The proposed lanes would cover a 25-mile stretch of the Stevenson between the Dan Ryan Expressway and the Veteran’s Memorial Tollway, a segment that carries about 170,000 vehicles a day. The plan calls for adding at least one lane in each direction, at an estimated cost of $425 million. The P3 model would need to be approved by a majority of state lawmakers.

The new lanes would feature “congestion pricing” – the toll price would vary according to the number of cars in the managed lanes, as well as the rest of the expressway. Rauner said it’s possible that drivers with one or more passengers might be allowed to use the new lanes without paying a toll. The state hopes to finalize a design by this spring and start construction by late 2017.

The Metropolitan Planning Council pushed for several years in Springfield for legislation to enable this kind of public-private partnership, which passed in 2011. MPC executive vice president Peter Skosey said his organization applauds Rauner’s proposal, adding that adding capacity to I-55 is listed as a priority in the Chicago Metropolitan Agency for Planning’s GO TO 2040 regional plan.

“Experience shows that simply adding another regular lane will not ease congestion in the long term: once that capacity is there, it will just fill up,” Skosey said. “Putting a variable-priced toll on that lane lets you manage demand and keep it free-flowing. If you’re really in a time crunch, you have the choice to take that lane.”

Skosey argued that the new lane would also make taking the bus a more attractive choice. “[Pace’s] current Bus-on-Shoulder service has been incredibly successful, but it isn’t able to use the shoulder for the whole corridor and it’s limited to 35 mph. This lane would give it a continuous path and let it go as fast as 55 mph, improving reliability and opening the door to more frequent service.”

Steve Schlickmann, the former head of UIC’s Urban Transportation Center, agreed that the governor’s plan makes sense. “The combination of high congestion in regular travel lanes and insufficient growth in federal and state funding to maintain Illinois roads and transit, makes I-55 managed toll lanes a reasonable approach to address congestion and to help pay for I-55’s on-going maintenance needs,” he said.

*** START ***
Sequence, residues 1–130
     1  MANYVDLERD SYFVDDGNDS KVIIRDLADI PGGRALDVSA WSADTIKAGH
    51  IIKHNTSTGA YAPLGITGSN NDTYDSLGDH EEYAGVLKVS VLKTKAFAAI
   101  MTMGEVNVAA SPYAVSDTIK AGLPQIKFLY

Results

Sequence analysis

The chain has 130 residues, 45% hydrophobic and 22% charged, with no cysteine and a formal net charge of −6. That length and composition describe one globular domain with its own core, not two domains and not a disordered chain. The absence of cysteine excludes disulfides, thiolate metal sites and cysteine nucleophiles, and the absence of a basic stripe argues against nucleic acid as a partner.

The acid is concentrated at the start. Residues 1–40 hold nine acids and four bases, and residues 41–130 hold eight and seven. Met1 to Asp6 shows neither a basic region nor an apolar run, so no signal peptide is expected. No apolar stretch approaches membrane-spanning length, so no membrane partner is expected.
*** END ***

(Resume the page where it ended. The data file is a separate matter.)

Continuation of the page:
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“Transit Explorer” Map Shows Nine Upcoming Transit Projects in Chicagoland

Last week, Yonah Freemark and I published a new map called Transit Explorer, which shows all of the new transit projects that are under construction, or being planned, across United States, Mexico, and Canada.

Yonah, a project manager at the Metropolitan Planning Council and author of The Transport Politic blog, collected the data and created the map. I assisted him by writing the code for the map, which uses open source technologies, including OpenStreetMap.

Yonah has been tracking projects on his blog for seven years, and this is the first time he’s created an open-source map for the information. He says his goal was to make the map “easy-to-use and fun for anyone who’s interested in how public transportation can affect the future of their cities.”

The map (embedded above) shows a number of upcoming or proposed projects in the Chicago region, including five new or overhauled CTA and Metra stations, three new rapid bus lines, and the reconstruction of a CTA ‘L’ corridor.

Freemark said he’s most excited about the bus rapid transit line on Ashland Avenue, and the “arterial rapid transit” Pace is planning on Milwaukee Avenue. We hope you enjoy exploring the map and learning about upcoming transit projects all over North America.

Update Jan. 13: We reached out to Metra to learn the status of their Peterson/Ravenswood and 79th/Wallace stations. Here’s what their spokesperson Michael Gillis said, “Those two stations are among a group of state-funded projects that are currently on hold due to the state budget situation. We won’t know when we’ll be able to proceed until we hear from the state.”


Some Bus Service Will Be Better In 2016, But Better Funding Needed

Ashland Bus

The CTA has had to make tradeoffs to add more and faster bus service on Ashland Avenue. Photo: Daniel Rangel